Region's nurses fear for safety in wake of ice epidemic

DARLING Downs nurses are seeing an increase in the number of ice users reporting to hospital, prompting their union to support calls for more security funding.

Queensland Nurses Union regional organiser Auriel Robinson said ice users reported to hospital either by emergency services, family members or by themselves.

She said that although there had been an increase in the number of users reporting to hospital, figures from the southern region including Toowoomba and wider Darling Downs were comparative to other parts of the state.

"Drugs are a big issue every where and I doubt there would be anywhere where they aren't," she said.

"The place with the biggest concern would be the Toowoomba Base because of the mass amounts of people presenting there.

"There are policies in place and certainly there's an escalation policy in place.

"Staff know not to put themselves in danger."

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Ms Robinson said smaller regional hospitals lacked a designated security officer after hours, but protocols and procedures were in place to help manage the safety of staff.

Those policies included having two people opening the door of the hospital or immediately contacting police if staff were concerned about the person seeking treatment.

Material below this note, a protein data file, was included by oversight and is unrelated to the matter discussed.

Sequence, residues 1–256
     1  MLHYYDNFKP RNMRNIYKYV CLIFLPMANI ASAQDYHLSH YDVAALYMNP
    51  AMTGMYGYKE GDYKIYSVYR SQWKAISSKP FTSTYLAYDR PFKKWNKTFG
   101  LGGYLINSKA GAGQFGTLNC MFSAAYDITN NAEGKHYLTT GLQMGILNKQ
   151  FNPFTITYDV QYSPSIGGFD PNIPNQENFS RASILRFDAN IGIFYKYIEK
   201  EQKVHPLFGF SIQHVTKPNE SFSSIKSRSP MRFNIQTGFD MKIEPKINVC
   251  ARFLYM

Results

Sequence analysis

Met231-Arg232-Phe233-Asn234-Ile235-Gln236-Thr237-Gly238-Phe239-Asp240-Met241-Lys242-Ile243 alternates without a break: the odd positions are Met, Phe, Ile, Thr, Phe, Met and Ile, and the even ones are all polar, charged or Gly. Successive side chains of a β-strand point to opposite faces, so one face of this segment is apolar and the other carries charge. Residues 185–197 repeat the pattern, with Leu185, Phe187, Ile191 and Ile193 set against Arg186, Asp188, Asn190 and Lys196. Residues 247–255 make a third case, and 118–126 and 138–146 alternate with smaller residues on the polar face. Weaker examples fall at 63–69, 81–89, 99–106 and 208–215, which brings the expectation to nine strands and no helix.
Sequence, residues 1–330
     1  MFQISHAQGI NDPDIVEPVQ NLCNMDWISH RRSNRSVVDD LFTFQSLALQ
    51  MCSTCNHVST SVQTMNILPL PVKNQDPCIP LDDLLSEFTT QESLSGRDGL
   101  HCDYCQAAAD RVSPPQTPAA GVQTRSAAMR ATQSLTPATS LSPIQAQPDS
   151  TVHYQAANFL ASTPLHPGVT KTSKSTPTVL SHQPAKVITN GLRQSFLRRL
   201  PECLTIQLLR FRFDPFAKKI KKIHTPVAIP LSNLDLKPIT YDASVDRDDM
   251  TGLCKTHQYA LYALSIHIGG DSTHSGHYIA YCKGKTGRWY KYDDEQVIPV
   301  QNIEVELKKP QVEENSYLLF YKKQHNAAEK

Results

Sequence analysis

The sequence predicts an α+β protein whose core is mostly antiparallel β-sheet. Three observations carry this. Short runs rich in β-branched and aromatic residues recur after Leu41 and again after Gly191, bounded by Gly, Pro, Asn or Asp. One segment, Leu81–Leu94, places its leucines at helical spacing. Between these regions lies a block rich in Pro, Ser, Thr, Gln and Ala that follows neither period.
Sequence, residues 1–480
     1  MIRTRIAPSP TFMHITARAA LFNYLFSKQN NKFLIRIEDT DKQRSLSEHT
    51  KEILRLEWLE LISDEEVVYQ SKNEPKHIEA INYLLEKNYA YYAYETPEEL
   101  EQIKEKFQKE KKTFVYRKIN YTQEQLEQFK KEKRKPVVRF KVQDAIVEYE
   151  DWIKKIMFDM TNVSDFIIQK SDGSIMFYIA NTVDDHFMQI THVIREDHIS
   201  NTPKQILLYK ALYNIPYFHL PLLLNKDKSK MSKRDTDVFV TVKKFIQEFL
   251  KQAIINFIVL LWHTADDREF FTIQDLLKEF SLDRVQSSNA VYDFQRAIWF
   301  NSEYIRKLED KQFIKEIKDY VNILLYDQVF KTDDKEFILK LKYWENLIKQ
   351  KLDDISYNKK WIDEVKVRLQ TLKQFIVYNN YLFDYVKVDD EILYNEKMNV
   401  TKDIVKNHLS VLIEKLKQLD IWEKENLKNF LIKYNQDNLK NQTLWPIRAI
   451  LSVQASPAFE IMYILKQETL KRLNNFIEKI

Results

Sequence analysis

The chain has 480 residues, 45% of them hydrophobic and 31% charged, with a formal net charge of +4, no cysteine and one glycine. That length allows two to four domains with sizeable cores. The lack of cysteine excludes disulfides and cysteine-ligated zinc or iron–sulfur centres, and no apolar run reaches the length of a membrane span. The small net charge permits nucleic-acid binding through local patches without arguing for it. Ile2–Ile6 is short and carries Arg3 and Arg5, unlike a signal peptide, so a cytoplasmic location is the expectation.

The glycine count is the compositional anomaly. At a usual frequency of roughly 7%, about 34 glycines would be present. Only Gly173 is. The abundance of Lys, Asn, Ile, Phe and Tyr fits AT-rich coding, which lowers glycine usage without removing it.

"Everywhere that I am aware of, if they're at all concerned about who is on the other side of the door, they immediately call the police," Ms Robinson said.

"It might not be ideal, but certainly as far as I am aware, everywhere within our area have those policies and procedures in place.

Should more be spent on providing security for health workers in the wake of the ice epidemic?

This poll ended on 12 June 2015.

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Yes

91%

No

8%

This is not a scientific poll. The results reflect only the opinions of those who chose to participate.

"We would prefer there was somebody there but unfortunately as taxpayers, all those things have to be funded.

"If we could have 24-hour security, it would be great.

"But we have good policies and procedures in place and we make sure staffs adhere to them."

Users of ice, or methamphetamine, start feeling withdrawals after about six hours of taking the drug.

It is then that users can begin to feel anxious, violent, experience extreme agitation, confusion and clumsiness, and are increasingly seeking medical help.

Emergency department staff had copped the brunt of the violence of ice users, she said.

"They're becoming more and more violent in the emergency departments," Ms Robinson said.

"There is no one way they present.

"When the Queensland Ambulance Service brings them up, for example, they can't say definitively what they've taken.

"They (patient) seem to be settled and then when the QAS leave, that's when they become violent."

The Federal Government this year kicked off a national ice taskforce, targeting the increase of the drug in an attempt to curb its spread and usage in communities across the country.


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